The Baby-Sitters Club: Logan Likes Mary Anne

Writer / Artist
The Baby-Sitters Club: Logan Likes Mary Anne
The Baby-Sitters Club Logan Likes Mary Anne review
  • North American Publisher / ISBN: Scholastic - 978-1-338-30454-1
  • Volume No.: 8
  • Release date: 2020
  • UPC: 9781338304541
  • Contains adult content?: no
  • Does this pass the Bechdel test?: yes
  • Positive minority portrayal?: yes

Earlier in the run these graphic novel adaptations skipped one of the original novels, and that happens again as The Ghost at Dawn’s House has been missed out to take us to Logan Likes Mary Anne. Boy-Crazy Stacey opened the door to the idea that the babysitters might one day have partners, and that acknowledgement of the wider world for twelve and thirteen year old girls is now followed by the discovery that Mary Anne’s subscribing to Sixteen magazine.

Also acknowledging a wider world previously absent, this is the first story in which the African-American Jessi appears, as does Logan, also dark-skinned and new to the neighbourhood, with babysitting experience from back in Kentucky. He’s already been spotted by Mary Anne as very similar looking to her Sixteen crush, and wouldn’t you know it, the only person able to accompany him on a trial babysitting assignment and report back is Mary Anne.

Due to a strict father Mary Anne has been the shyest of the featured girls, and it’s sweet seeing her come into her own. A lot of that is conveyed by Gale Galligan’s sympathetic cartooning, showing us what Mary Anne is feeling without her having to come out and say it. Now on her fourth Baby-Sitters Club adaptation, Galligan is drawing the cast’s faces more in the style of Archie comics, sometimes also using their distinctive style of surrounding eyebrows. As seen by the sample art, she has a great way with a spread featuring all the main characters, and there are several more of these equally special. One of the school dance is a spread young readers can study for ages to catch everything that’s going on.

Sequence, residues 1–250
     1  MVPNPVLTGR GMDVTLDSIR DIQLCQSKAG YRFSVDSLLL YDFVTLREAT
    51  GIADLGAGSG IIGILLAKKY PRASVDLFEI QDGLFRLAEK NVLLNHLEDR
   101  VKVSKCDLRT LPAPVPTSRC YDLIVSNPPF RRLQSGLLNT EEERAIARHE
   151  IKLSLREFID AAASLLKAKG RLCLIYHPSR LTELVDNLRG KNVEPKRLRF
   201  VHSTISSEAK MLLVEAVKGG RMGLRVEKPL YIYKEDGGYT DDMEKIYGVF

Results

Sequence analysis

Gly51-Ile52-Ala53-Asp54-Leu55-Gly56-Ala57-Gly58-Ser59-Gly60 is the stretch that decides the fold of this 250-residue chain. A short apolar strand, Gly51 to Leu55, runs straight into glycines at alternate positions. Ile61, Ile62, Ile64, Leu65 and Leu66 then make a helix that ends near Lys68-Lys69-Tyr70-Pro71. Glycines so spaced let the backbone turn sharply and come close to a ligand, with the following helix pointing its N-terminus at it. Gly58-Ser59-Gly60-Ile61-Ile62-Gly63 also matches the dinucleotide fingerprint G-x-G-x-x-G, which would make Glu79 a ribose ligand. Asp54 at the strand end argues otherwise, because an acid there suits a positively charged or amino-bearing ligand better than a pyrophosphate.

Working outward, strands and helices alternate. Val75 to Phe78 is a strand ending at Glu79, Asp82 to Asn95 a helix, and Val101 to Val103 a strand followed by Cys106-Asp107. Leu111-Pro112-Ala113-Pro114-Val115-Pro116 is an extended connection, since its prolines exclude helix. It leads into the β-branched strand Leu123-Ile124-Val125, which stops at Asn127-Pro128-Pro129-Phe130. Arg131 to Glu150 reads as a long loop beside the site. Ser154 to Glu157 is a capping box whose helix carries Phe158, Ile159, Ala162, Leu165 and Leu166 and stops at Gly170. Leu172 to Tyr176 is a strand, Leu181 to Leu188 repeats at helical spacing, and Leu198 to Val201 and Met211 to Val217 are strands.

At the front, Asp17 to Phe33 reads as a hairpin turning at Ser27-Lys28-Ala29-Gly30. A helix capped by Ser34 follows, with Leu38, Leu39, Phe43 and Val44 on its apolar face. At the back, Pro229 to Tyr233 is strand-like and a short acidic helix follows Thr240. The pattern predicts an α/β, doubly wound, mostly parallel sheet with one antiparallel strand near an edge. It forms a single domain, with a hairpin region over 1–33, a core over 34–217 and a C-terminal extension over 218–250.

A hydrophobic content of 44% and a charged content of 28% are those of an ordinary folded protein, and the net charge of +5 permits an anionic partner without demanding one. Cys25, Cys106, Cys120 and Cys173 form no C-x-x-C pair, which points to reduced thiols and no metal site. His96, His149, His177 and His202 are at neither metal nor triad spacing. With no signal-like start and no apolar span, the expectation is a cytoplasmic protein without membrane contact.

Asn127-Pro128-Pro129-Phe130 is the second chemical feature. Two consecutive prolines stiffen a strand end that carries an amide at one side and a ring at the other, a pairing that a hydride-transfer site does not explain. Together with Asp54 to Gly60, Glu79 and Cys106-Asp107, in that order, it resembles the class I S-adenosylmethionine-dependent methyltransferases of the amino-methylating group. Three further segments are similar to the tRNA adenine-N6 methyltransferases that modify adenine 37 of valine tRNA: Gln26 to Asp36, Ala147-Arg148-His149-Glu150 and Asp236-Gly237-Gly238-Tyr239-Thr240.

There’s a definite shift of emphasis in this story, with far fewer pages spent on babysitting activities than previously, and more given over to social lives, but that’s no bad thing. Martin’s as good at emotional drama as she is conceiving tricky babysitting situations, yet there are only so many variations on the babysitting theme, and it’s drama that came to see the series run for over a hundred novels. It means the graphic novels have a way to go to catch up. Next is Claudia and the New Girl.